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Review: Fezzari Empire SL Pro Race goes low on price & weight, big on tech

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We review the Empire SL from Fezzari – their latest do-it-all carbon road bike. With an 815 gram frame and sub-17-pound complete bike, Fezzari is taking on the crowded endurance road market head-on. Key touches include 100% internal cable routing, integrated seat post clamp, 32mm tire clearance, and unique Monoform construction.

Review: Fezzari Empire SL Pro Race endurance road bike

Fezzari officially launched the new Empire early this year, and now we’ve had a chance to take it through the paces. On paper, it looks highly competitive, with a price and weight combo beating most competitors, along with all of the features you’d expect – thru axles, internal routing, and clearance for 32mm tires. Fezzari calls it their “do-it-all” road bike, a quickly growing category.

Just what is a “do-it-all” bike? It’s not a climbing-specific bike, though it’s super light at 815 grams for a medium frameset. It’s not an aero-specific bike, but it looks to tick most of the aero boxes like internal cable routing and thin fork legs. Perhaps it’s best called an endurance bike, but it lacks the suspension systems that some competitors have – in favor of keeping the weight as low as possible.

Speaking of weight, our large test bike came in under 17 pounds (sans pedals). This is about 200 grams – and $2,500 cheaper – than the (similarly outfitted and same-size) BMC Roadmachine we tested earlier this year.

Note, however, that our build wasn’t quite stock. The SL Pro Race is the second-from-top build, with SRAM Force AXS and Reynolds AR41x wheels. The Reynolds hoops were unavailable at the time of our test, so Fezzari upgraded us to the ENVE SES AR 3.4 from the top-end SL Team Edition spec. Regardless of wheel model, they bolt up with 12mm thru axles front and rear.

A 4mm bolt and internal wedge system keep the FSA seatpost and stock Ergon saddle in place. The bolt is fairly exposed, so it’s a good idea to slather it with grease upon assembly.

SRAM Force calipers and 160mm rotors handle stopping duties front and rear.

Tire clearance is quoted at 32mm. Our test bike came with 28mm Schwalbe Pro One tubeless tires, which ballooned to a full 32.4mm on the wide ENVE rims. The AR 3.4’s have an internal width of 25mm, which is mammoth compared to the road rims of yesteryear. Newer tires are beginning to correct for wide rims, with some of the latest tires being downsized for a 19mm internal rim width… whereas most previous models (such as our Pro Ones) are based on 13-15mm internal widths.

Drivetrain spec includes a full SRAM Force AXS kit, with 46/33 rings and 10-33 cassette. With my flat local terrain in Florida, this meant that I kept it in the big ring almost the entire test – only shifting a handful of times at the start to check Fezzari’s bike build quality (there were no issues).

Speaking of the build, this is where Fezzari deserves extra attention and praise. It became clear that they took painstaking effort in assembling the bike, and I had it unboxed and ready to ride in 30 minutes flat. This may not seem like a big deal, but we receive and assemble bikes all the time, with some taking many hours and special tools to complete. Fezzari bleeds the brakes completely and test rides every bike before shipping – and will even set your wheels up tubeless for a $65 charge. This alone is enough to put the Empire SL at the top of my list, were I shopping for a disc road bike. Bikes are not easy to deliver consumer-direct, but Fezzari nailed it.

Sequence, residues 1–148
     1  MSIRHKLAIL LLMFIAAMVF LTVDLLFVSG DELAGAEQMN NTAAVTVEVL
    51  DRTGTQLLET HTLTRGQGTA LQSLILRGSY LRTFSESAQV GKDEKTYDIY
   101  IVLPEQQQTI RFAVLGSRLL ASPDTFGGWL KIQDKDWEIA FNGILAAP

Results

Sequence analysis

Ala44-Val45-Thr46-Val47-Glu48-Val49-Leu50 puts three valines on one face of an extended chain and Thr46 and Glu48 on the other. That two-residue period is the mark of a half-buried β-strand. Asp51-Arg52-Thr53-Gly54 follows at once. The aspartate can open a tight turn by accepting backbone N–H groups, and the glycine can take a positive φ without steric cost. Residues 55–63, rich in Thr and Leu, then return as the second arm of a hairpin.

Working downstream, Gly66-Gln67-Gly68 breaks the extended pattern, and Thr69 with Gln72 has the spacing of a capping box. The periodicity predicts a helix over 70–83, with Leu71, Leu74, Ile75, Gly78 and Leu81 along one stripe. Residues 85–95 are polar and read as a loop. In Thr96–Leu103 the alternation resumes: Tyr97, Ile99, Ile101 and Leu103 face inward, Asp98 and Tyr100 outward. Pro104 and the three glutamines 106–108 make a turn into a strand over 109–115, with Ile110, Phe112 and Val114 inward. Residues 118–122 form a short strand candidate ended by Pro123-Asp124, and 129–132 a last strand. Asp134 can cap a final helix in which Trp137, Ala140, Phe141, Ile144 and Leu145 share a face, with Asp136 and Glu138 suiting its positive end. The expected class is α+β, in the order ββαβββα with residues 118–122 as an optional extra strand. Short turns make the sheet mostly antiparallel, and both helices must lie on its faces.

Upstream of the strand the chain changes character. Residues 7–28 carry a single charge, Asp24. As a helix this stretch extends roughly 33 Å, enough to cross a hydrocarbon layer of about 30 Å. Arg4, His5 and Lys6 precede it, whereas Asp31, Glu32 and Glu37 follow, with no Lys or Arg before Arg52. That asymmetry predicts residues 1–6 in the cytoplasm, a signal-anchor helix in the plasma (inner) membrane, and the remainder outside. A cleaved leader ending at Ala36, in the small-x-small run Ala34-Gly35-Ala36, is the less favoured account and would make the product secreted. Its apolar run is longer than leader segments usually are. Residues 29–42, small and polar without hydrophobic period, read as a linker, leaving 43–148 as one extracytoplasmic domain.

One interesting spec choice was an FSA bar and stem, allowing for 100% cable integration. It looks super clean…

…because the brake hoses go through the bar and into the stem body.

The vacant cable housing entry port on the left fork leg shows that you can run a more standard bar and stem if you wish, without the super-secret cable routing.

In addition, down tube ports allow for the use of mechanical drivetrains or wired electronic systems.

Fezzari uses a BB86 bottom bracket shell, with a SRAM DUB spindle spec’ced on the stock crankset.

One fun endurance bike touch – there are three bottle cages in the main triangle. I was able to fit large 24 ounce bottles in the two upper cages, but could only manage a smaller 20 ounce bottle in the lower downtube cage. This is a smart design that more manufacturers should use, at least on larger size frames that will accommodate it.

The Empire SL is available in five sizes. I selected the Large with a 110mm stem for my 6’1″ frame – which was spot-on.

Out on the road, the Empire performed well, and I was unable to feel any downside compared to competitors’ bikes costing thousands more. The geometry felt stable and agile, the parts spec worked great, and it had ample stiffness (Fezzari quotes stiffness increases of 20.5% for the head tube and 3% for the bottom bracket). This was my first experience on any Fezzari bike so I have no comparison, but I was a happy camper.

Many bikes today hit the technical aspects well, so I maintain that the biggest plus of this bike was the expert assembly – perfect if you want to buy consumer-direct but aren’t a great mechanic.

The Empire SL Pro Race is available now for $5,199 complete, or as a frameset for $1,999. Fezzari includes a 30-day money-back guarantee and lifetime frame/fork warranty for the original owner.


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Bill Chance
4 years ago

Great, thorough review. That thing looks fast just sitting there.

Thanks for sharing.

Paul Signorino
Paul Signorino
4 years ago

How does it ride? Say, compared to the BMC Roadmachine referenced earlier?

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